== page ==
Guest Author - Asha Sahni
An isle yet not an island... The Black Isle is a peninsula to the north of Inverness in the Scottish Highlands. Before the opening of the Kessock Bridge in 1982 getting to Inverness from the Black Isle involved either a boat journey – a route which had been used for several hundred years - or a long road trip via the mouth of the peninsula at Beauly. The Kessock Bridge transformed travel in the region, making Inverness easily commutable. The bridge let outsiders in - from tourists who stayed for a day to those so enchanted by the clear light, colourful waters and fertile lands of the Black Isle that they decided to settle.
The Black Isle’s key industries in the past were fishing and farming – people needed to be self sufficient in area where weather could cut inhabitants off from supply routes. More recent industries in the area in and around the Black Isle include oil and tourism. Yet for all the modernity that has reached this part of the Highlands, there are signs and echoes of far older times including stones, cairns, burial chambers and stories of those from the otherworld who can pass between where the veil is thin. The Clootie Well, near Munlochy, is surrounded by trees garlanded with strips of cloth imbued with wishes for those who are sick. The ruined priory at Beauly was built in the thirteenth century and the beginnings of Fortrose Cathedral also date to this time.
North Kessock, home to the Kessock Bridge, looks towards Inverness and is linked to Beauly, the southernmost entrance to the Black Isle, by the Buealy Firth. Avoch, Fortrose and Rosemarkie straddle the coast of the Moray Firth, the land on the far side of the water housing Inverness Airport, Ardersier and Fort George.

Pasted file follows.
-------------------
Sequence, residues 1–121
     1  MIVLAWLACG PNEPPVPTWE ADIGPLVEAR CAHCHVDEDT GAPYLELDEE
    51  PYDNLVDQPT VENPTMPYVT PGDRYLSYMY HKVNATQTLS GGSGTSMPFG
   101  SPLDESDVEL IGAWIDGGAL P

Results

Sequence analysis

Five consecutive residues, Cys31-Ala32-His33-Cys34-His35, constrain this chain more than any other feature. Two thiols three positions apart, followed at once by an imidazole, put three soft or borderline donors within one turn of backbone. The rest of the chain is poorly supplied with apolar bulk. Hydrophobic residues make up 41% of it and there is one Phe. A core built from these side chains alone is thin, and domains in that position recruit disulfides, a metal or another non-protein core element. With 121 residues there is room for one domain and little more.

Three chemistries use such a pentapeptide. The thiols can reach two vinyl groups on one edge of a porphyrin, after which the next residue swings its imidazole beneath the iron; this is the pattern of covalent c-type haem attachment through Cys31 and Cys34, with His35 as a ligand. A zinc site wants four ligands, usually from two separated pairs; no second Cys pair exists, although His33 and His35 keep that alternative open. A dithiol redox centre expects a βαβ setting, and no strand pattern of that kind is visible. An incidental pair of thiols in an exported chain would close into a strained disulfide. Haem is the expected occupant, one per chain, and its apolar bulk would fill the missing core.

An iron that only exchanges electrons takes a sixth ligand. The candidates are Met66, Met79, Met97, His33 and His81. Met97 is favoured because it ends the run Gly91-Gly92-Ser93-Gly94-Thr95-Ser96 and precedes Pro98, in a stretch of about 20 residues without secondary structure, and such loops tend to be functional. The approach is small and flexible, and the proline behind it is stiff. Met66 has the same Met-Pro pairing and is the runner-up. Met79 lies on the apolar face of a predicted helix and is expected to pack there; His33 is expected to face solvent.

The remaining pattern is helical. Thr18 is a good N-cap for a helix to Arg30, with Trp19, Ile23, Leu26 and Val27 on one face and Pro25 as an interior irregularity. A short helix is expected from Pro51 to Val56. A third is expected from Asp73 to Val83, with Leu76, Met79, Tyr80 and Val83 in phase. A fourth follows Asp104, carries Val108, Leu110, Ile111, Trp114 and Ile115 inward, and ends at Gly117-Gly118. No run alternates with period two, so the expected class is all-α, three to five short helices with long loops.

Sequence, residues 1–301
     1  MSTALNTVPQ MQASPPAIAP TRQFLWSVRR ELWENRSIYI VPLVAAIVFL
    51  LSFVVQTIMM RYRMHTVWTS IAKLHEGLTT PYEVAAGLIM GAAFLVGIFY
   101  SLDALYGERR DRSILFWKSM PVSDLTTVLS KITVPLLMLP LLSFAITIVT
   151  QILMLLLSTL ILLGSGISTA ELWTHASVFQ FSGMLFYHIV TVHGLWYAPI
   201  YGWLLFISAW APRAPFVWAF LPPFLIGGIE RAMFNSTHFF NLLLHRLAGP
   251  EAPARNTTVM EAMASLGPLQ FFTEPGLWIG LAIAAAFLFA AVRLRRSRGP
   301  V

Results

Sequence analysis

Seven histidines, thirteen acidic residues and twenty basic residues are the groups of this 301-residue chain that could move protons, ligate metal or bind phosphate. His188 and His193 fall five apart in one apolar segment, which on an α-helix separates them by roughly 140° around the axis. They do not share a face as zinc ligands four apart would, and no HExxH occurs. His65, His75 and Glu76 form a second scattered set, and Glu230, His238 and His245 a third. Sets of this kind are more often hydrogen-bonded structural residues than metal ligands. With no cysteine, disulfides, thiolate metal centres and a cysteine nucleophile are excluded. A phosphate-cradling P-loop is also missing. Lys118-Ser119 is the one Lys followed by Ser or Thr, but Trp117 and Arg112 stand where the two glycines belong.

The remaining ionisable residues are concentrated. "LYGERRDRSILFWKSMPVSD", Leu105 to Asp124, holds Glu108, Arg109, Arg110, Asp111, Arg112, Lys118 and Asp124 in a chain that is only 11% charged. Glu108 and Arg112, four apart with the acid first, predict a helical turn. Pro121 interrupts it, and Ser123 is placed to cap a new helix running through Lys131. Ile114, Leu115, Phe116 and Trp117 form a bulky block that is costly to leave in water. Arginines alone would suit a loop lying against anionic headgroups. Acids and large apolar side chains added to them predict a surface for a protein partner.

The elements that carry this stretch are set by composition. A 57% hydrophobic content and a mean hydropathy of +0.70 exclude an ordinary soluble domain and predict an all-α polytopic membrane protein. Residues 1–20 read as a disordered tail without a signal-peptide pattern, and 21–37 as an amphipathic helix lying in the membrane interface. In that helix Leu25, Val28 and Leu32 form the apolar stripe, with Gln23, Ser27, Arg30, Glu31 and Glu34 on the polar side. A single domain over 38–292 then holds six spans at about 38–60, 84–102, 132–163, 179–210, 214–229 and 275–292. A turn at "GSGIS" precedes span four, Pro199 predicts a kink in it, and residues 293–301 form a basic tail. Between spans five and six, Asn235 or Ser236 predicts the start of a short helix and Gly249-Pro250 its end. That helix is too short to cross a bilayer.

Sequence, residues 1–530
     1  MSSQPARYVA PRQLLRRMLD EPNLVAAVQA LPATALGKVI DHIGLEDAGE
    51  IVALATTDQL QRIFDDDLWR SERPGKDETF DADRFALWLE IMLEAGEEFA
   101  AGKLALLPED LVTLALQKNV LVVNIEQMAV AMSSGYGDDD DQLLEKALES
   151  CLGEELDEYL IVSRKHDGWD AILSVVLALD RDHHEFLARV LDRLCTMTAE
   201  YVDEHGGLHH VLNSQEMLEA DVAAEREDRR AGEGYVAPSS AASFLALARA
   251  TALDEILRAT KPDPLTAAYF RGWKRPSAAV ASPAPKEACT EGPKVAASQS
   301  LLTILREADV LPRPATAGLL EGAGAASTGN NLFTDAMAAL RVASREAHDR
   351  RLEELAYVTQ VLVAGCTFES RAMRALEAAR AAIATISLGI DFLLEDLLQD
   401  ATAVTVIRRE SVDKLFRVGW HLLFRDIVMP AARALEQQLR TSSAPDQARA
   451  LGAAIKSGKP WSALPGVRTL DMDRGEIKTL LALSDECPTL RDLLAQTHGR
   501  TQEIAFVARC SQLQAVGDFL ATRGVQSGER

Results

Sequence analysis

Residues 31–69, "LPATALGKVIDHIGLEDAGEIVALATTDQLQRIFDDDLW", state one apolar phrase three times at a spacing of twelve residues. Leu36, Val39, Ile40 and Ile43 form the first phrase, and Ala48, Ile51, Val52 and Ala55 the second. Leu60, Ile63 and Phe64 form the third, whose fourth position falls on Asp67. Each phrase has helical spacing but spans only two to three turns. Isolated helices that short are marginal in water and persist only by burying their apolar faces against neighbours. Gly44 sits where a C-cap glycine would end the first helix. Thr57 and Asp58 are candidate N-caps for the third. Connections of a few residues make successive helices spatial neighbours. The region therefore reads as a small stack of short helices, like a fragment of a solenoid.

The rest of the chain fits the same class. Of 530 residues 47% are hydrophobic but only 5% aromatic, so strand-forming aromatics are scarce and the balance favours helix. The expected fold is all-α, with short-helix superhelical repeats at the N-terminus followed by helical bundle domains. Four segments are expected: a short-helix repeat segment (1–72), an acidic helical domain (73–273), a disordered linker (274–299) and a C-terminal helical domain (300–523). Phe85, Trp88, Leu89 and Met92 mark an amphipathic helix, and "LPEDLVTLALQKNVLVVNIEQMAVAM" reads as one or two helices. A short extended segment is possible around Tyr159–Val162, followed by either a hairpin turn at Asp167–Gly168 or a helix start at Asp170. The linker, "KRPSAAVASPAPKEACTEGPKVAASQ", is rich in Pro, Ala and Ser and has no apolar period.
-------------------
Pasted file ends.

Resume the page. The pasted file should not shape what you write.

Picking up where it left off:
Take a walk along a spit of land between Fortrose and Rosemarkie to Chanonry Point. A popular sport here is dolphin watching – stay long enough, stay patient and you are bound to see one. You also get a clear view of Fort George across the Moray Firth; this fortress was built by George II as defence against further Jacobite rebellion after the Battle of Culloden.
Cromarty stands at the end of the Black Isle peninsula. Take a ferry from Cromarty to Nigg - you will be following part of a pilgrimage route travelled many times by King James IV of Scotland. Once past the head of the peninsula you reach less populated areas – Jemimaville, Balblair, Culbokie. On the far shore of the Cromarty Firth are Invergordon, Alness and Evanton - further down the coast lies Dingwall.
The Black Isle is enclosed yet free, looking to other shores yet surrounded on three sides by water. The Kessock Bridge to the south and the Cromarty Bridge to the north have linked what was almost free standing land to other parts of the Highlands. The Black Isle is rich in beaches, wildlife and incomparable views - a Highland jewel that values ancient sites and traditions whilst welcoming change that alters patterns of land, people and waters for evermore.